Sixty-five senior citizens at the Parkside condominium complex in Bethesda are faced with the choice of finding new places to live or having their rents increased as much as $300 a month beginning in August.

The predicament arises because the individuals who bought the units as investments are not covered by laws designed to protect elderly tenants, because the conversion began before the laws took effect.

The situation has prompted Parkside tenants to picket the development's sales office, while more than 500 tenants, young and old, signed a petition to the developer calling the rent increases "totally unfair and unreasonable." The county government also has stepped in, trying to negotiate with the developers for a phase-in of the rent increases and an aggressive plan to help resettle the elderly tenants.

The Parkside developers have complied with the letter of the law. The controversy demonstrates how both the state and county laws governing condominium conversions--laws that require developers to set aside 20 percent of their units for the elderly--are not applicable to some of the county's largest conversion projects because they began before the 1981 laws took effect.

Attorney Roger Winston, representing the developers, said after a meeting Monday with county officials that an agreement was reached to phase in the rent increases. The rents showed such a dramatic increase because the developer held rents artificially low the past three years, giving the elderly residents time to move out. This year's increases also reflected rehabilitation costs of the complex, he said.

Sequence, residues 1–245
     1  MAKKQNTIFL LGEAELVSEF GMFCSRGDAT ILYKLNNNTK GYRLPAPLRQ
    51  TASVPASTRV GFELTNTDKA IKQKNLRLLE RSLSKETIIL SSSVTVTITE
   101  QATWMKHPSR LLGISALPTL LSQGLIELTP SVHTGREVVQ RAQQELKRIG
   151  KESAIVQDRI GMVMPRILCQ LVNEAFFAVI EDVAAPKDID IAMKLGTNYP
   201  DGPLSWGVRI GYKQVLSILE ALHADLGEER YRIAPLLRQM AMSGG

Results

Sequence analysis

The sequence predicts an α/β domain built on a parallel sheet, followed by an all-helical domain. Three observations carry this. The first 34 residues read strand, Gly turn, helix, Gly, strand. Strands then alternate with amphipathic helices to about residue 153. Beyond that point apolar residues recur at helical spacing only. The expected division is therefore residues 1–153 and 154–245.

The case also illustrates Montgomery's acute shortage of low- and moderate-income housing in the lower county, as officials search for alternative homes for the displaced Parkside seniors. The county's own rent-subsidized apartment complexes have waiting lists of from one to three years.

Also, the Parkside case underscores the limited nature of Montgomery's voluntary rent-control guidelines. The Office of Landlord-Tenant Affairs recommended rent increases this year of no more than 8.5 percent. But for the elderly tenants at Parkside, rents will increase as much as 95 percent for some tenants, partly reflecting the escalating market values of rents in Bethesda as the area prepares for the opening of Metrorail. Even some of those who sympathize with the senior tenants concede that the higher rents probably represent the going rate for Bethesda apartments.

Millie P. Schafer, a spokeswoman for the tenants, said, "We're in one sorry little mess right now." Schafer, who owns her unit, organized a "Senior Citizens Committee," which conducted last weekend's picketing. Shafer said more protests are planned unless county officials and the developers can reach an agreement on phasing in the rent increases.

Also, Schafer said, the tenants are considering a rent strike for next month. "We have not ruled anything out," she said. "If they the developers are not responsible, we're going to keep the pressure on."

She said the protest found support among the younger tenants, whose rents were not protected since the conversion began, and whose most recent increase was 10 percent--more than the county's 8.5 percent guidelines. "They could have one heck of a tenants' rebellion on their hands," Schafer said.

About 40 of the 65 affected elderly tenants do not have enough money to pay the higher rents, according to Joe Giloley, program manager of the county's Office of Consumer Affairs. "Some can't leave. Some don't want to leave," he said.

The county administers an emergency aid fund for displaced tenants that is financed by the 4 percent transfer tax on condominium units. All 40 elderly tenants will likely qualify for $150 a month from the county, Giloley said, but that grant still will not cover the increases of tenants with the largest increases.